The iconic Industrial Trust Tower, knows as the "Superman building," stands in downtown Providence, R.I. The art deco-style skyscraper, the tallest in the state, lost its last tenant when the bank's lease expired in April.
Rhode Island is home to beautiful beaches, top-notch universities and a thriving arts scene. Beneath the surface, however, the state faces challenges similar to other parts of the country: shrinking revenues, lost jobs and general economic malaise.
Sometimes you need some distance to appreciate a classic.
That was certainly the case for John Williams' novel Stoner. When it was originally published in 1965, the only publication to mention the book at all was The New Yorker, in its "Briefly Noted" column. The novel received admiring reviews over the years, but sold just 2,000 copies and was almost immediately forgotten.
The main character of Claire Messud's novel, The Woman Upstairs, is a good woman. Nora is a 37-year-old elementary school teacher — responsible, kind and reliable. She is also very, very angry.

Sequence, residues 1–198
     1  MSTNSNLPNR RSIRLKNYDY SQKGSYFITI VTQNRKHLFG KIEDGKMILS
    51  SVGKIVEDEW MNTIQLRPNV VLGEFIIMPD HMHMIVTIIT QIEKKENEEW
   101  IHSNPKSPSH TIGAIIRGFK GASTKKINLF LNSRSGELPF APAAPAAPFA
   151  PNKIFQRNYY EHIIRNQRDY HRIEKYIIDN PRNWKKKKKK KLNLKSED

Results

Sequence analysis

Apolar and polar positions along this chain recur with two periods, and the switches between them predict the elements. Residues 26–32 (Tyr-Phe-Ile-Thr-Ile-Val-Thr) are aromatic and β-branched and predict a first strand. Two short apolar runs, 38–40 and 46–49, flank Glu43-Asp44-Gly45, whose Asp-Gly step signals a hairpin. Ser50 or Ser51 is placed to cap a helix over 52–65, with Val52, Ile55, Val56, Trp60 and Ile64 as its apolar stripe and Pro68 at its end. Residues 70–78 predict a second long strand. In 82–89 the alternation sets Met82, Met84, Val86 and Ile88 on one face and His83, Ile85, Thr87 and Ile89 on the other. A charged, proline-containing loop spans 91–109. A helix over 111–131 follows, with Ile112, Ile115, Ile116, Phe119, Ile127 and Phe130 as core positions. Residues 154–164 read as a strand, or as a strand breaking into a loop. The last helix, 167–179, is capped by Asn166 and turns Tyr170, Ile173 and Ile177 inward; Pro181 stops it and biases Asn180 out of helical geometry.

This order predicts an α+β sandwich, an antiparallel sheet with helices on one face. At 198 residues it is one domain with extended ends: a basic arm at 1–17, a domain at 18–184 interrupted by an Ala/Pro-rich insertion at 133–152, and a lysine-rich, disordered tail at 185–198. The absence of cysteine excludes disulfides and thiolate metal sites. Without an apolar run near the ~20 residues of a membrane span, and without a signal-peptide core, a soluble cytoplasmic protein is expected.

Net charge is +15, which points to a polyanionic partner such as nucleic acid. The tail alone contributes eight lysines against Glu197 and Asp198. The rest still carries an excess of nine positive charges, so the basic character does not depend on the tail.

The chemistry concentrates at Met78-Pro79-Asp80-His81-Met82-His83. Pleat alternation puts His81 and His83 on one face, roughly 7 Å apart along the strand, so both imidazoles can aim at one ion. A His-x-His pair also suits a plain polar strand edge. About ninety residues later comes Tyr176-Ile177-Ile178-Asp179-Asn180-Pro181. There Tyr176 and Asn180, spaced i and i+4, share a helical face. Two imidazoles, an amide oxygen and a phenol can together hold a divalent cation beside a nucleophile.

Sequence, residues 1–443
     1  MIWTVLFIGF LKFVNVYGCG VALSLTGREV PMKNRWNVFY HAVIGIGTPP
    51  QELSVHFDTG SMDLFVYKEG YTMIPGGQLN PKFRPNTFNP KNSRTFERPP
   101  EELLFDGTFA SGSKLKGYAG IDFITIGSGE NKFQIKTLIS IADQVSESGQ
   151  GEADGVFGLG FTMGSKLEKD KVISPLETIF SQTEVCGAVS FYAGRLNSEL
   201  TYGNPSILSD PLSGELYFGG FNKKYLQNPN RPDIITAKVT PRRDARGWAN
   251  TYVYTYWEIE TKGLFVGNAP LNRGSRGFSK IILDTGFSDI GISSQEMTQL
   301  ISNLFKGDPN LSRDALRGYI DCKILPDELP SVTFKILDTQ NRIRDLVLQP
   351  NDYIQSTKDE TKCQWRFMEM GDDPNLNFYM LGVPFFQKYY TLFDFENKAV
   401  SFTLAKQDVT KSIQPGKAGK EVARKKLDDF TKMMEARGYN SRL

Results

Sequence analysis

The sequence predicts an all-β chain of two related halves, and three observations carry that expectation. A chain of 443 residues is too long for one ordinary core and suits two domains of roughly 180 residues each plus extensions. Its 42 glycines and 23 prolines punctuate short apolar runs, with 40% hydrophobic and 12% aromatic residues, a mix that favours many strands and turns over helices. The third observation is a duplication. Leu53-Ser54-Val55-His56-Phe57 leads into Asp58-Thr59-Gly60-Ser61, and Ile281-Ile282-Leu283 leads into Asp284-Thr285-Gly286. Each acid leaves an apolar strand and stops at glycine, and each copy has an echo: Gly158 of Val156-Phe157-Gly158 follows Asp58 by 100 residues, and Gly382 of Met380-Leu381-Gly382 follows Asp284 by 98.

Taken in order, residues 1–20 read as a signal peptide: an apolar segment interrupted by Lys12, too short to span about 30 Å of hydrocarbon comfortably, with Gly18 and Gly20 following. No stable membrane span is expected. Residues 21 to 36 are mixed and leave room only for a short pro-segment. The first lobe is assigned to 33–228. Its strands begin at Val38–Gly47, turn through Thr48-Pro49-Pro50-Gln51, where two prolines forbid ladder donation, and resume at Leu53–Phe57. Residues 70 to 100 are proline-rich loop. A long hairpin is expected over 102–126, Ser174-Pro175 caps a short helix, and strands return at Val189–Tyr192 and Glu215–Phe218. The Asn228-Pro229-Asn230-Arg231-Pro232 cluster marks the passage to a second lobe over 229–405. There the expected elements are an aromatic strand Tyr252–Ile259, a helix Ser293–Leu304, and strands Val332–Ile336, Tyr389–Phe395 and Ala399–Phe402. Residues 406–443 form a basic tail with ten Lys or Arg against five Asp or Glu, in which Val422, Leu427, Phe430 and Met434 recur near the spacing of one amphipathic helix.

Her dreams of being an artist have been suppressed; she is seething inside with rage and resentment. But she keeps her anger in until she meets another woman who has everything she does not: a husband, a child and a successful art career. And then everything begins to unravel. As Nora's relationship with the woman and her family deepens, her inner life begins to come out.
NPR's Bob Mondello and Susan Stamberg read excerpts of two of the best submissions for Round 11 of our short story contest. They read Ten Ring Fingers by Tamara Breuer of Washington, D.C., and Ghost Words by Matheus Macedo of Winthrop, Mass. You can read their full stories below and find other stories on our Three-Minute Fiction page or on Facebook.